Waris Dirie:

D E S E R T   F L O W E R

                               an autobiography


Waris, which means "desert flower", is one of 12 children born to nomads in Somalia's desert.

At the age of five she underwent circumcision like every girl in her culture to be a woman and able to marry (her younger sister and two cousins died from this procedure). At the age of fourteen her father wanted to force her to marry a sixty year old man but she ran away. Waris tramped to the capital of Somalia, Mogadishu. After some time she got the chance to go with her uncle of marriage, an ambassador of Somalia, to London. Their she lived with her aunt and her family but they kept her like a slave.

Some years later they went back to Somalia and wanted her to come with them but Waris hid her passport and so they weren't able to take her away from England.

Now she was alone. She couldn't speak English, didn't know where to stay and how to manage her life. Although she found friends and a job soon.

One day a man wanted to take photos of her and so she became a famous model.

In New York she fell in love with a drummer, some time later they married and got a baby.

Since September 1997 she is Special Ambassador for the Elimination of Female Genital Mutilation for the United Nations Population Fund (UNFPA). Once, Waris Dirie said:

"Because women and girls are not valued equally as human beings, they are treated as less than such. Female genital mutilation is one example of this that has to be stopped."[1]

FGM (Female Genital Mutilation):

FGM refers to all procedures involving partial or total removal of the external female genitalia or other injury for cultural or other non-medical reasons.

There are many different terms in use to describe FGM like infibulation, circumcision or female genital cutting.

In some communities also "re-infibulation" is used. This means the edges of the wound are sutured again after childbirth.

FGM refers to the fifth century BC when for example the Ethiopians carried it out. These rites were practised in a lot of cultures, also among the early Romans and Arabs. Today the practise is common in parts of Africa, Asia and in some Arab Countries.

FGM is carried out mostly by elderly people in the community. These people receive a fee from the girls' family for doing this "job".

As instruments special knives, scissors, scalpels, pieces of glass or razor blades are used, generally without anaesthetics and antiseptics. Often the girls' legs are bound together for approximately 12 days to allow formation of the scars. The wound is stitched or held together by thorns to stop the bleeding.

When FGM is carried out depends on the community. There are areas where it's practised a couple of days after birth but the typical age is between 7 and 10 years, but it's still dropping.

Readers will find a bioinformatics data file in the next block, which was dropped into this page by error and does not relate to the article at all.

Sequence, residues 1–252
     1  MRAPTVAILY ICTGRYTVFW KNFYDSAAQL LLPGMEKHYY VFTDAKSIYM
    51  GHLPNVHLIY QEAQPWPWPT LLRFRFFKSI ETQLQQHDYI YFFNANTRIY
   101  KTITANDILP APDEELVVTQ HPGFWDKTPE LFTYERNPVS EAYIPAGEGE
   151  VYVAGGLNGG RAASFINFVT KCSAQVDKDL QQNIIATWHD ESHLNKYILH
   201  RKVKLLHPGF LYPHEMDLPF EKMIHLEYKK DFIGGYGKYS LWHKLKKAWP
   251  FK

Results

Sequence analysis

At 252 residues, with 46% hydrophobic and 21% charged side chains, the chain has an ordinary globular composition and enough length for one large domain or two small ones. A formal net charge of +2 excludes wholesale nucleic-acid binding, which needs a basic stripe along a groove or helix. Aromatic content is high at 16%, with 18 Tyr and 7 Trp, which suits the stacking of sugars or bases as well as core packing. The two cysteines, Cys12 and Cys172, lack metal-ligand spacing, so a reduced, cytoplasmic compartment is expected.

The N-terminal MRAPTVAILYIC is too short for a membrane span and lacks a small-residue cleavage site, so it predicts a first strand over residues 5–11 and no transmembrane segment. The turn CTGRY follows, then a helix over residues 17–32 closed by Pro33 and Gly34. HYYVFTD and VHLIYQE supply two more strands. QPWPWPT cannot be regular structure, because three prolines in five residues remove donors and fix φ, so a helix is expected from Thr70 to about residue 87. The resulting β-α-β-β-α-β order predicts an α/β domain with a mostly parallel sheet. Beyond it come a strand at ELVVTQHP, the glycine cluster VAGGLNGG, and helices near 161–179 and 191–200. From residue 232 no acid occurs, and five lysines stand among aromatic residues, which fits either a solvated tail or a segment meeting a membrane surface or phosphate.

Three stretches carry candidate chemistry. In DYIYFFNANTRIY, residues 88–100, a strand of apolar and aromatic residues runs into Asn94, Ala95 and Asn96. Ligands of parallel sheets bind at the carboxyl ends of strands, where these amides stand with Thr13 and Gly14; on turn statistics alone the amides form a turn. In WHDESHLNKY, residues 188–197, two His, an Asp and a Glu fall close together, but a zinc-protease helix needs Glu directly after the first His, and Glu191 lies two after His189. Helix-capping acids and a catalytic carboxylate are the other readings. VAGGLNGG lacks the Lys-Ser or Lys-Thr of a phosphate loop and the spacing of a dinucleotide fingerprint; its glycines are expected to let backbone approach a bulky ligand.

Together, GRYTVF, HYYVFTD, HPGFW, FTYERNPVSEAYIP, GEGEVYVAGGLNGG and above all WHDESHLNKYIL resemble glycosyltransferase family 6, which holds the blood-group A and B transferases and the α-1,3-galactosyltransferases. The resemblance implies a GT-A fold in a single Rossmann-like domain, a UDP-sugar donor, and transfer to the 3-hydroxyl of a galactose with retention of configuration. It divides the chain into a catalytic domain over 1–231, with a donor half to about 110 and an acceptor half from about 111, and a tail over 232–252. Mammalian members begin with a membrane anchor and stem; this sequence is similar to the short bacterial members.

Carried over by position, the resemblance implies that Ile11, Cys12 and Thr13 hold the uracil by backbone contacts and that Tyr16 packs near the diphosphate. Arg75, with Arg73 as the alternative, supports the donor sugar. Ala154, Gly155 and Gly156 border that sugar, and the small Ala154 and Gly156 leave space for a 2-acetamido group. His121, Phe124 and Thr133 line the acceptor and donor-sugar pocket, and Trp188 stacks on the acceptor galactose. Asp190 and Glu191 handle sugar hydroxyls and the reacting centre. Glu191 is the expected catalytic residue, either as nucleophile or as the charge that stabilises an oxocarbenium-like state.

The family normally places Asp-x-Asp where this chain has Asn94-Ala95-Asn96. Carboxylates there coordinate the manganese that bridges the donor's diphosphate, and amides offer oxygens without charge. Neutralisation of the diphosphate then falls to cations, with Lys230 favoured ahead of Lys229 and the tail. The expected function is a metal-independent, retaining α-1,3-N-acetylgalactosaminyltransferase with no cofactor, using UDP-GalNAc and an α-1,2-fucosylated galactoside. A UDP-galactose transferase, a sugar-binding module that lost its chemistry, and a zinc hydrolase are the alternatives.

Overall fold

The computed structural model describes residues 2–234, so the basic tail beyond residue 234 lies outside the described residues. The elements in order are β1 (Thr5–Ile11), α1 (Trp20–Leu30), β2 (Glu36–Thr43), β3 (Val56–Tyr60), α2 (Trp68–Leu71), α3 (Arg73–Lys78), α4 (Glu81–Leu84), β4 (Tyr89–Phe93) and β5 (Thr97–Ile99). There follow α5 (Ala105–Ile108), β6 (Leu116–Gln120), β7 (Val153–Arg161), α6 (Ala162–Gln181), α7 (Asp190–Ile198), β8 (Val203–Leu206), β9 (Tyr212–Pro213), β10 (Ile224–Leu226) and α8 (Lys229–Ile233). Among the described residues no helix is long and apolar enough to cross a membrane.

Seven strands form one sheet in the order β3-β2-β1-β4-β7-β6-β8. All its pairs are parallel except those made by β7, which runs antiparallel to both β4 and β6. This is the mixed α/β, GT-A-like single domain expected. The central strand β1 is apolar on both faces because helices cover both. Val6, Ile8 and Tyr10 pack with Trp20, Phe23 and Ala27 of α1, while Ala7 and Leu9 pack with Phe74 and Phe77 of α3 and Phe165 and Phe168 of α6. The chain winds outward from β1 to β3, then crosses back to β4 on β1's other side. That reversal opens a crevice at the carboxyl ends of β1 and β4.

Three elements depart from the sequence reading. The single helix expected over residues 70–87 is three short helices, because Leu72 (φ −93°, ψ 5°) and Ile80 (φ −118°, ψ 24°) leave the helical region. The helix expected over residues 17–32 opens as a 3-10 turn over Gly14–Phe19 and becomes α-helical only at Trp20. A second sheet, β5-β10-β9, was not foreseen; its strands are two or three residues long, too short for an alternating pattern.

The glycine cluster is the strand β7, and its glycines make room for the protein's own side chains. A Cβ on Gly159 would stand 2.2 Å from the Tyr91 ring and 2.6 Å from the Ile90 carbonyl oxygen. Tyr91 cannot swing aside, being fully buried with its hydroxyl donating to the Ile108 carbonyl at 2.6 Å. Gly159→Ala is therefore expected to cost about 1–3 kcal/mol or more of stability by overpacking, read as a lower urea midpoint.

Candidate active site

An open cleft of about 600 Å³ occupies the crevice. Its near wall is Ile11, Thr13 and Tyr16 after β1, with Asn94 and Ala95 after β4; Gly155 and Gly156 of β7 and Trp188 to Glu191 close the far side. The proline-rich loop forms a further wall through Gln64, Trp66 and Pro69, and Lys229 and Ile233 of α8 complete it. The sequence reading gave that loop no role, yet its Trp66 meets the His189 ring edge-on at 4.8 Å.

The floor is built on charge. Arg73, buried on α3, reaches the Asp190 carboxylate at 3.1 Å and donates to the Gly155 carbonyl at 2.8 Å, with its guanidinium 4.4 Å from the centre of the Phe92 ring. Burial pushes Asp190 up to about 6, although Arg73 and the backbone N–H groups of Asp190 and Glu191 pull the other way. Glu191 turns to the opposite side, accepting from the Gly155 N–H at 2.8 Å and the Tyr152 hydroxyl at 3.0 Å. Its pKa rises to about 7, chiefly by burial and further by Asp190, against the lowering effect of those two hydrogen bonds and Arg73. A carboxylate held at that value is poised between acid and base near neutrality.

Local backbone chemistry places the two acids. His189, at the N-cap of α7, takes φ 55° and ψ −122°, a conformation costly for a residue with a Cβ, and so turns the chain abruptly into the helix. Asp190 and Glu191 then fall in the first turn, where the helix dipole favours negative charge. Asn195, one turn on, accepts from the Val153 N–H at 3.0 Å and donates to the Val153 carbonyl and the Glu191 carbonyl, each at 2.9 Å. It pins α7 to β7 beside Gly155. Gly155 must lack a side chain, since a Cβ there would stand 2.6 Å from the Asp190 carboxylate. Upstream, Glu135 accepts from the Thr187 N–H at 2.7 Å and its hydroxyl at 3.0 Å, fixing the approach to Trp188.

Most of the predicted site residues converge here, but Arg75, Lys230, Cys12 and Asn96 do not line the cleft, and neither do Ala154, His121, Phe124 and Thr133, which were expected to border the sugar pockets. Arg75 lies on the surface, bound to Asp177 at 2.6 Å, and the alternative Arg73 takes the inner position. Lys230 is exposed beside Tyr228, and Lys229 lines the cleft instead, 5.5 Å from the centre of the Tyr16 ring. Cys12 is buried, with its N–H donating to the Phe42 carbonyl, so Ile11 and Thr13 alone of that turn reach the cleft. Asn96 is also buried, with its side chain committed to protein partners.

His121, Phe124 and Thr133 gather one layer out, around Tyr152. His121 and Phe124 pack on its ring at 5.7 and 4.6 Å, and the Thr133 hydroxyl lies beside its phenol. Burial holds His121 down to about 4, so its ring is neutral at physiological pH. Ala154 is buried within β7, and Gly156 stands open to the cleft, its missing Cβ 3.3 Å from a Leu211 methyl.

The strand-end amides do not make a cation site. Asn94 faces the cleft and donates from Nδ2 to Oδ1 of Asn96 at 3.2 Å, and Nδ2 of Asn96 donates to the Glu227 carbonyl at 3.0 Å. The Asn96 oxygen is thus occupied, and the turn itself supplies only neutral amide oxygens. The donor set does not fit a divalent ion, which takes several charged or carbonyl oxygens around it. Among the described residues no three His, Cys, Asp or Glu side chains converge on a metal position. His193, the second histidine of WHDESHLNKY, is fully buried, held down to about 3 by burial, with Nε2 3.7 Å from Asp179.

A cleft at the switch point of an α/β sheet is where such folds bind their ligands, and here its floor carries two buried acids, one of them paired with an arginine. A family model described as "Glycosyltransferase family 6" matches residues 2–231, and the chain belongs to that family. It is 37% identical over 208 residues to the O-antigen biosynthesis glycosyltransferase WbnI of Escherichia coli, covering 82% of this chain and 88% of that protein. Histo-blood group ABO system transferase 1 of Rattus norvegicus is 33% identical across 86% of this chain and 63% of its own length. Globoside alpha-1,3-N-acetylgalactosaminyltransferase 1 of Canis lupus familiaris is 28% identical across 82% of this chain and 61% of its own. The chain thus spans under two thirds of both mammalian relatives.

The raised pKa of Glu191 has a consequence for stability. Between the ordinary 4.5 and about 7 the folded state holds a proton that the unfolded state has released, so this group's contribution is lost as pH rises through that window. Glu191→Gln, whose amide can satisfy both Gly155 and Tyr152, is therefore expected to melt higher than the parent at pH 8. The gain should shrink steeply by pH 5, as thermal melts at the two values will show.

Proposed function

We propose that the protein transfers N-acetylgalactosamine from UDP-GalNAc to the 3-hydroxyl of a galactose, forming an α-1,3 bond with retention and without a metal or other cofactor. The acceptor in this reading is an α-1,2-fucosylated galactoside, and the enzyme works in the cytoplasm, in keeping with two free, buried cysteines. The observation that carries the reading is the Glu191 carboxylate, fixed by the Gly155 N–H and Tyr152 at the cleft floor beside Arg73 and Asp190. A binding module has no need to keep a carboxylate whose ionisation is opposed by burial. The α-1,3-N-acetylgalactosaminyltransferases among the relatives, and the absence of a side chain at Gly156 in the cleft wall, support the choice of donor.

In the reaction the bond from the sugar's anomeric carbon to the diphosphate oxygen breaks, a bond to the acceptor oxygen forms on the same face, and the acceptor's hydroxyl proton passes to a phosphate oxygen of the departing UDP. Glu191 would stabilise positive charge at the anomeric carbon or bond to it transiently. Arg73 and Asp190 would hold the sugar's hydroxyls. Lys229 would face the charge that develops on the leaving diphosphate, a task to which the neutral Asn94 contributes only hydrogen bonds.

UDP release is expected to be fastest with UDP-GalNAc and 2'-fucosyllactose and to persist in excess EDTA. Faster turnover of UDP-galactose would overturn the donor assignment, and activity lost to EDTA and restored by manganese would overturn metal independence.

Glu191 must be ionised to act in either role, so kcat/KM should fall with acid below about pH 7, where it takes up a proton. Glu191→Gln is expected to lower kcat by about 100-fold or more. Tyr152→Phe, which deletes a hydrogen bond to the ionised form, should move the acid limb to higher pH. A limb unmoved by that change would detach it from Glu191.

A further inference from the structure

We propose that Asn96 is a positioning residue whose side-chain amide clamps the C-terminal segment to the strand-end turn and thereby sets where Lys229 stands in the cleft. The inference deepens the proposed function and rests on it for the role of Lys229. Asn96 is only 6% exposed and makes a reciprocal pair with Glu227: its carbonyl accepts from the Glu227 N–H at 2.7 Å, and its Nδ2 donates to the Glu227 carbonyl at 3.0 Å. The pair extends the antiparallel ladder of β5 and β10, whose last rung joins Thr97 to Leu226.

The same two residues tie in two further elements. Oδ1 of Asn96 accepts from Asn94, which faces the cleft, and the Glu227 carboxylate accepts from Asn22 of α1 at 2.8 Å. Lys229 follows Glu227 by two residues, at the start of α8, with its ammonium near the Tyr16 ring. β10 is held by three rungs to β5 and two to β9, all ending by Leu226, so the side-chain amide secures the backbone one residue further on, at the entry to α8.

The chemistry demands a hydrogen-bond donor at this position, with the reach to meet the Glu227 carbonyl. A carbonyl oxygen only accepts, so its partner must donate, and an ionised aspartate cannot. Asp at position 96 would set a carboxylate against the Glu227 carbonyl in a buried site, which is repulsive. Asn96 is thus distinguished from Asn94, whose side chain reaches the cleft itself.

There are lots of reasons why FGM is performed, for instance:

-        Psychosexual reasons: FGM is a means of control women's sexuality and it is thought that it ensures virginity before and fidelity after marriage.

-        Sociological and cultural reasons: Circumcision is seen as the boarder to womanhood and cultural tradition.

At least 2 million girls are in danger to undergo this cruel practise every year.

Circumcision has  a lot of immediate and long-term consequences to the health of women, which can cause death. There is also the risk of AIDS infection because the instruments for circumcision are used several times without cleaning.

FGM violates the basic human rights and it's more a cultural than a religious thing.

Zainab (22) describes her infibulation at the age of eight:

"[] The day before our operation was due to take place, another girl was infibulated and she died because of the operation. We were so scared and didn't want to suffer the same fate. But our parents told us it was an obligation, so we went. We fought back; we really thought we were going to die because of the pain. You have one woman holding your mouth so you won't scream, two holding your chest and the other two holding your legs. After we were infibulated, we had a rope tied across our legs so it was like we had to learn to walk again. We had to try to go to the toilet, if you couldn't pass water in the next 10 days something was wrong. We were lucky, I suppose. We gradually recovered and didn't die like the other girl. But the memory and the pain never really goes."[2]

Personal statement:

I liked this autobiography very much, because I was really fascinated by the topic and the way Waris Dirie described her life. It shows the hard life as a nomad, the reasons and the problems with circumcision and how life as such can be.




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